Steve Gilbert of MLB.com has an interesting article about Diamondbacks slugger Paul Goldschmidt, who was a finance major in college and had to pass up a scheduled offseason internship “shadowing a financial investor” after he was called up in August and played into October.
And it sure sounds like the 24-year-old first baseman is a stat-head:
I enjoy numbers in the business sense. It’s like in baseball, there’s some organizations that are really into sabermetrics and some are more old school and do the eye test. It’s the same in business when it comes to investing in companies. There are companies with awful numbers, but someone likes them and they turn out to be great. Other people like to look at the numbers.
Goldschmidt’s numbers, of course, have been great. Prior to an impressive 48-game debut with the Diamondbacks he hit .306 with 30 homers and a 1.061 OPS in 103 games at Double-A. High strikeout totals may keep him from posting strong batting averages long term, but Goldschmidt has immense power potential and excellent plate discipline.
Bill Nye — yeah, “the science guy” — has a new show on Netflix called Bill Nye Saves the World. His show ties science to other areas such as politics, pop culture, and sports. Giants outfielder Hunter Pence was invited to appear as a guest.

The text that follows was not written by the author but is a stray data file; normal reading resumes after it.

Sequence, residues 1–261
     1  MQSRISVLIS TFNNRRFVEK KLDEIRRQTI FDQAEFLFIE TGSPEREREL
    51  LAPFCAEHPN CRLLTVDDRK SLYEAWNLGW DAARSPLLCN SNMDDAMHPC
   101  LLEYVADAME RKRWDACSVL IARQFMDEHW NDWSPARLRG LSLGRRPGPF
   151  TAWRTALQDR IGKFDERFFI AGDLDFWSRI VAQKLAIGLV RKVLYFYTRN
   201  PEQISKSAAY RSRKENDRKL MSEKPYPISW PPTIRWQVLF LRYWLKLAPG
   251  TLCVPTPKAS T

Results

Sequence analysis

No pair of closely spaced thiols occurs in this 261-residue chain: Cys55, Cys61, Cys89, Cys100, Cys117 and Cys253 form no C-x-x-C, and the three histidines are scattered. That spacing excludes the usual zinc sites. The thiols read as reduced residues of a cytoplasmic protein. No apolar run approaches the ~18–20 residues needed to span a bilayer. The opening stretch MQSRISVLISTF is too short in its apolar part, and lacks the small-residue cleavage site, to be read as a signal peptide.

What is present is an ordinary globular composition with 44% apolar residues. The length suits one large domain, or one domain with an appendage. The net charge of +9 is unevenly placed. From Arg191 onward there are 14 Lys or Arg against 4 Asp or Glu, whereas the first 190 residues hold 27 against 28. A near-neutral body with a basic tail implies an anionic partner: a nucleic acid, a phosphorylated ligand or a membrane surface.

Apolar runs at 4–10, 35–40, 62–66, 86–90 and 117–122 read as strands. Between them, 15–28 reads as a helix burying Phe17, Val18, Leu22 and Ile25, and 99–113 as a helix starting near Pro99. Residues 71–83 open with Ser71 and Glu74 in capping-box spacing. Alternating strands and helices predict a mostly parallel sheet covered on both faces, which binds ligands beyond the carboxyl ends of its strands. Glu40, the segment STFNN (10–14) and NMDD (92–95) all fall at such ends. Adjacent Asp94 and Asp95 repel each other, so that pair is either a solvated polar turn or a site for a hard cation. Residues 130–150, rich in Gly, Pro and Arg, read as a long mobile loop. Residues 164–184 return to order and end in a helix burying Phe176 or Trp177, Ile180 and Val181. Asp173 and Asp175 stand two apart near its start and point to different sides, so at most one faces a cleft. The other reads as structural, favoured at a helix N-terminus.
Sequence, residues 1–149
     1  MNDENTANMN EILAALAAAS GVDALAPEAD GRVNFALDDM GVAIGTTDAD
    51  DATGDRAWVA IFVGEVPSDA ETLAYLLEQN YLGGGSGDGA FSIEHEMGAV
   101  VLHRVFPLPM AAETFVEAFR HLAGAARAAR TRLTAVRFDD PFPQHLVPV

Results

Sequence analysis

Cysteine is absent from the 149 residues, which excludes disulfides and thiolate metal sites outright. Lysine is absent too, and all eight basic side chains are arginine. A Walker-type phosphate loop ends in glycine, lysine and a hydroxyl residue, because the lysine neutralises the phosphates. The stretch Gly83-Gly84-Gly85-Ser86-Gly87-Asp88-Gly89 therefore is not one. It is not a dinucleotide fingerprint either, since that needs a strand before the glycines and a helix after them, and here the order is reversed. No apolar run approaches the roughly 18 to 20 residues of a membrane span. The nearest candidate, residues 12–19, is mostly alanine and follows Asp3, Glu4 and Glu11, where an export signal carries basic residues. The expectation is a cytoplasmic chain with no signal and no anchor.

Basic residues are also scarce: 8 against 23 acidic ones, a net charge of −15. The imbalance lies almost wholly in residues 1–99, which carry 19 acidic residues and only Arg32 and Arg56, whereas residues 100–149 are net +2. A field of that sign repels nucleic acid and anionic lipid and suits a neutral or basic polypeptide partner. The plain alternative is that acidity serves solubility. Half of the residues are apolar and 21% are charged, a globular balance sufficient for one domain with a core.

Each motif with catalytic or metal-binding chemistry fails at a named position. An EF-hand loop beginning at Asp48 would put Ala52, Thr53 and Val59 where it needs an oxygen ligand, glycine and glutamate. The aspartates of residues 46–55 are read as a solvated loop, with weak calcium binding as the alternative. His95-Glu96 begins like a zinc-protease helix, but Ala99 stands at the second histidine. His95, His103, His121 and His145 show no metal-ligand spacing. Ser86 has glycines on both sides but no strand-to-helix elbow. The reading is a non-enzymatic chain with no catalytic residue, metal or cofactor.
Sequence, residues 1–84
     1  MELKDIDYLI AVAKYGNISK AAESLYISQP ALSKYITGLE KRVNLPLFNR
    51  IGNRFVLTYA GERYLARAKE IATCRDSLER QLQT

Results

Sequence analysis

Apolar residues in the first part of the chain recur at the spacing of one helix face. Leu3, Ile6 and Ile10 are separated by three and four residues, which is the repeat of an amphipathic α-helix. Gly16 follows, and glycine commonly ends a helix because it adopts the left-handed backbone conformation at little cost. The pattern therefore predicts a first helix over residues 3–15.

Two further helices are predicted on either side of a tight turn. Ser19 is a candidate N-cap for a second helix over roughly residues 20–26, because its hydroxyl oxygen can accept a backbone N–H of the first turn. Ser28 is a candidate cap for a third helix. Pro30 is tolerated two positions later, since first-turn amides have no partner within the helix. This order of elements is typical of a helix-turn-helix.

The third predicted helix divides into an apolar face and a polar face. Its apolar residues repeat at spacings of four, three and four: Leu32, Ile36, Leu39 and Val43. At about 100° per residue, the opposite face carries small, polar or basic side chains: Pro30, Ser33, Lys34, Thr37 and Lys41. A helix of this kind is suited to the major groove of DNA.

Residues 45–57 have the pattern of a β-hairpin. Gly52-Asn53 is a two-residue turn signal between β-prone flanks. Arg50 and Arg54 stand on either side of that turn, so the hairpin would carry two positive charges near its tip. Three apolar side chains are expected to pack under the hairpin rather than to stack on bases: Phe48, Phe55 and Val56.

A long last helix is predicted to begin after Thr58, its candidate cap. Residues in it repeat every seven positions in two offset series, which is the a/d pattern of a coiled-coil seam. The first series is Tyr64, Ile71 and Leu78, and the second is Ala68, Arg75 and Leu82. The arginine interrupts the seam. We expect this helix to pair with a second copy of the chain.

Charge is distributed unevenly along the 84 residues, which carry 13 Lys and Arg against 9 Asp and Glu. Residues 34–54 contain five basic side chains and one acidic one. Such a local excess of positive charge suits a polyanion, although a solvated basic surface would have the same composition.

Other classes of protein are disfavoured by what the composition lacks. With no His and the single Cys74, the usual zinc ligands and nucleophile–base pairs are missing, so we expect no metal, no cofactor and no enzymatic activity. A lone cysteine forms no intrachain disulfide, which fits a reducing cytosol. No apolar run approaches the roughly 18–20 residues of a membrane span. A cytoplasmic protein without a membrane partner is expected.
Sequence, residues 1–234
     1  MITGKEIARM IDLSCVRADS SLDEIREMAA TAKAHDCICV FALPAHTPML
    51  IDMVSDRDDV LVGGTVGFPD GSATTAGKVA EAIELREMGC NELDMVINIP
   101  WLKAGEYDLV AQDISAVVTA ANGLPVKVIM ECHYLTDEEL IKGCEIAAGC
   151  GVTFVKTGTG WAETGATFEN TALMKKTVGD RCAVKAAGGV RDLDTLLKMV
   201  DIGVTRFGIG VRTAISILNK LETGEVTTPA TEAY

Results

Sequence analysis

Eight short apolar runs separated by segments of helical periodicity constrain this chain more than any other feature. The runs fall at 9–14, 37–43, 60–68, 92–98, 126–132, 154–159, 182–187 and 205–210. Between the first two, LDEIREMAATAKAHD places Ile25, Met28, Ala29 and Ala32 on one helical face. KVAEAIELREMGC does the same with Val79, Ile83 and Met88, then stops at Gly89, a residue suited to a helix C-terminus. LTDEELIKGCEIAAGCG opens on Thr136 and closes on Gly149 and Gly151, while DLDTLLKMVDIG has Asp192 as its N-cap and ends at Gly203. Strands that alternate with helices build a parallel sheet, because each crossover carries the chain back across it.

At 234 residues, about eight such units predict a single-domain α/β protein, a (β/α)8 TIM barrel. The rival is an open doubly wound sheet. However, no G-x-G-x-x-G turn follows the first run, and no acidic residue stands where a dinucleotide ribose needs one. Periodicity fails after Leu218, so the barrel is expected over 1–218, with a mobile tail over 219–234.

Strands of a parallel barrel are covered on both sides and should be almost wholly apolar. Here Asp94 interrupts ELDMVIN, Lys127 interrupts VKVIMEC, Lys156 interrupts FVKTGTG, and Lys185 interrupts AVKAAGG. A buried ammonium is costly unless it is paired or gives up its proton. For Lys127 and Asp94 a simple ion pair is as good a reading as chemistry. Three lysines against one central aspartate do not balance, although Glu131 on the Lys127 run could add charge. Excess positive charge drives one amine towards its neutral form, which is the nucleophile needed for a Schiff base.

Nye talked a bit about Pence and marveled at the dedication players must have to stay competitive in the sport. Nye called Pence “a cool guy” and “charming,” which is not surprising.
Diamondbacks pitcher Shelby Miller left Sunday’s start against the Dodgers after four-plus innings due to tightness in his right forearm, the team announced. He’ll be reevaluated tomorrow. Needless to say, though, a forearm injury is very concerning. In his four innings, Miller gave up three runs on four hits and five walks with three strikeouts, raising his ERA to 4.09.
Miller, 26, has had a nightmare of a time since joining the Diamondbacks in December 2015. Last year, he made 20 starts and posted a 6.15 ERA. He suffered a finger injury suffered from scraping his hand on the pitcher’s mound with his follow-through, and he was also demoted to Triple-A during the summer as well.